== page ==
Corruption Prevention – Perpetual Effort

The Independent Commission Against Corruption (ICAC) of Hong Kong was established in February 1974 and is considered one of the longest standing and best run integrity agencies globally.

It’s main aim upon establishment was to clean up endemic corruption in the many departments of the Hong Kong Government through law enforcement, prevention, and community education.

Recently the Audit Commission of Hong Kong undertook a review of the community education efforts of ICAC and it makes for interesting reading.

The report notes:

According to the ICAC, face-to-face contacts with different segments of the community and the general public is one of the most effective ways to get the anti-corruption messages across. However, Audit analysis of the Community Relations Department’s community activities in the five years from 2008 to 2012 revealed significant decreases in the numbers of organisations and people reached.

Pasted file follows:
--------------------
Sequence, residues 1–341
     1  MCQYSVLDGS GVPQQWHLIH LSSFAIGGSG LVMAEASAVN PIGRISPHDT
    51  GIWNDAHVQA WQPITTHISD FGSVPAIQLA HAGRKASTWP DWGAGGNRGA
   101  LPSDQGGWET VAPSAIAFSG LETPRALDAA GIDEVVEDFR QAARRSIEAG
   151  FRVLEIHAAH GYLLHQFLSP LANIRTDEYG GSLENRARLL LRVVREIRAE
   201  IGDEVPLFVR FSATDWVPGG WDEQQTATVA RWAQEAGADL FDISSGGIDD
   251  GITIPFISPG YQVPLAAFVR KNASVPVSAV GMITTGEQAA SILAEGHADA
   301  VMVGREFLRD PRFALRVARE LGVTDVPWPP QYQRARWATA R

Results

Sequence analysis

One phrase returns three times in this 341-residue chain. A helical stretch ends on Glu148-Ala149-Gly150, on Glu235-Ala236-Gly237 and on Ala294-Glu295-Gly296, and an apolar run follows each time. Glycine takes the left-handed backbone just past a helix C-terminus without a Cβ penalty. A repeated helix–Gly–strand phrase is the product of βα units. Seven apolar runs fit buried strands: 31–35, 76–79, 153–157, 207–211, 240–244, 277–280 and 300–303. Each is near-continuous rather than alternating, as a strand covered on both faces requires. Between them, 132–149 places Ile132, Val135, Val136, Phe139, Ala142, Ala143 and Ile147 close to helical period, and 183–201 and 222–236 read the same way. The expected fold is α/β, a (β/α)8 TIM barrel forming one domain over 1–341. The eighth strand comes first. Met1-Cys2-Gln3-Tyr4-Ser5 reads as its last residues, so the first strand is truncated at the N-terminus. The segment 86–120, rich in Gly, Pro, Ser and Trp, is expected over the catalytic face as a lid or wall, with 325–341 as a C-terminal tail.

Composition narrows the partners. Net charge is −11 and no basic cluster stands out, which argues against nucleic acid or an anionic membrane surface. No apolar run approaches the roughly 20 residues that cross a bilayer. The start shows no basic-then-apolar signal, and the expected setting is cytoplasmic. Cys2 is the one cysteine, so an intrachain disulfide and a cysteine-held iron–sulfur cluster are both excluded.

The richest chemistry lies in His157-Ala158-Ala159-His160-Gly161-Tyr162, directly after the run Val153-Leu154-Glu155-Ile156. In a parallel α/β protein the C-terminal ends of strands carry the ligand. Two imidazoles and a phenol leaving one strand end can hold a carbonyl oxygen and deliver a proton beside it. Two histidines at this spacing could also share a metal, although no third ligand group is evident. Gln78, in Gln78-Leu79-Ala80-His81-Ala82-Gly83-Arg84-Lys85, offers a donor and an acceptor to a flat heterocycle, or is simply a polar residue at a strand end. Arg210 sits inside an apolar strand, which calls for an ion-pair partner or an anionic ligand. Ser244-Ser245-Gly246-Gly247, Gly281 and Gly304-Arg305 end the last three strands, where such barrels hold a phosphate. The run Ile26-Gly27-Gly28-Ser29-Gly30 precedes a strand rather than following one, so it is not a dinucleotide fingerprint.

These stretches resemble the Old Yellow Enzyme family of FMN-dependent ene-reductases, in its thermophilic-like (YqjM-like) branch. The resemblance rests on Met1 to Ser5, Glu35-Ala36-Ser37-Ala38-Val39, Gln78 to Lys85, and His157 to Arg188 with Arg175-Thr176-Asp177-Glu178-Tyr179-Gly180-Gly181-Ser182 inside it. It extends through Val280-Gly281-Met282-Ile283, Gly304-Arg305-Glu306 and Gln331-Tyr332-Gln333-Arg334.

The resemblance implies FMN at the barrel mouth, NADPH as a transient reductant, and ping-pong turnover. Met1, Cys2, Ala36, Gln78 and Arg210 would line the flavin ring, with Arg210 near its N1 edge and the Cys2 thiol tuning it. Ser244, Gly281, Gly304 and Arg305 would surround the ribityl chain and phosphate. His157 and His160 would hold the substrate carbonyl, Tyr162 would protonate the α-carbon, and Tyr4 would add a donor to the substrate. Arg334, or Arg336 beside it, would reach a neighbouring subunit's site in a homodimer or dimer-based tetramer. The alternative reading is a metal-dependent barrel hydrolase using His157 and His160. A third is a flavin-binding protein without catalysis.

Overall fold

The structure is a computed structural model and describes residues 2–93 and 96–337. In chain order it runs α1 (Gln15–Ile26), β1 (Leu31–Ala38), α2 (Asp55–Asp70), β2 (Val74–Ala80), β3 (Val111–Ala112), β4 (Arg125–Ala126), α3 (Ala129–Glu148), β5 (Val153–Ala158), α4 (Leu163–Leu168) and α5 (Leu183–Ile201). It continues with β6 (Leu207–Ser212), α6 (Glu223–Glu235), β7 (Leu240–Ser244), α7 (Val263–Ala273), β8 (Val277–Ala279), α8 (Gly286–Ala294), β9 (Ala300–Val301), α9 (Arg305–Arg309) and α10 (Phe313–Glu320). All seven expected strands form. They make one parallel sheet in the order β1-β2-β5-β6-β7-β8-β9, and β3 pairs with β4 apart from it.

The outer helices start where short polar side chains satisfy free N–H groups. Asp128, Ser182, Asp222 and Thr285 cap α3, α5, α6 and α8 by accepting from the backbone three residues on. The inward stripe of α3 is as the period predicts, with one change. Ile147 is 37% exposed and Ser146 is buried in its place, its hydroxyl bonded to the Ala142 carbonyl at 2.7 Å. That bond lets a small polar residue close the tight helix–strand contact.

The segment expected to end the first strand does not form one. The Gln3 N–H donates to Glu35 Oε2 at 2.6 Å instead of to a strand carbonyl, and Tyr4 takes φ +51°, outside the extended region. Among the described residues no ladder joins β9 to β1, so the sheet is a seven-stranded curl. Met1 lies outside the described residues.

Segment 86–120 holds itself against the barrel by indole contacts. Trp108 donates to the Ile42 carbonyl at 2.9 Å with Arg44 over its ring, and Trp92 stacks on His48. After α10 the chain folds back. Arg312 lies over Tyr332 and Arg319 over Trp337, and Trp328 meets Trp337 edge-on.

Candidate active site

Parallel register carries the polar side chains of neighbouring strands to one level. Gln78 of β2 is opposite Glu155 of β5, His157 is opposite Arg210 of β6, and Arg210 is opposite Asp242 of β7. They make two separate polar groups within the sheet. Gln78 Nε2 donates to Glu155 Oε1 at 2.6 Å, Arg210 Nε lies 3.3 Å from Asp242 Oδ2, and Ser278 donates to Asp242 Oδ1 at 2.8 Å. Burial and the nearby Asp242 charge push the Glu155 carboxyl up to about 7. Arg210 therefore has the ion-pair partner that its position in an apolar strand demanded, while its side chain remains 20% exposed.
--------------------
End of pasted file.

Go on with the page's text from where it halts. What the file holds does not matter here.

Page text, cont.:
The relevance of this report is not so much in the change per se but understanding the reasons behind the reduced reach.

If that is then translated to an organisation, consideration needs to be given to first defining corruption prevention education reach and what are the levers by which one ups or downs the education spend?

How does your organisation determine whether its corruption prevention exercise is working?

It is a timely reminder that the education effort against corruption is perpetual and one for which there is no end point.

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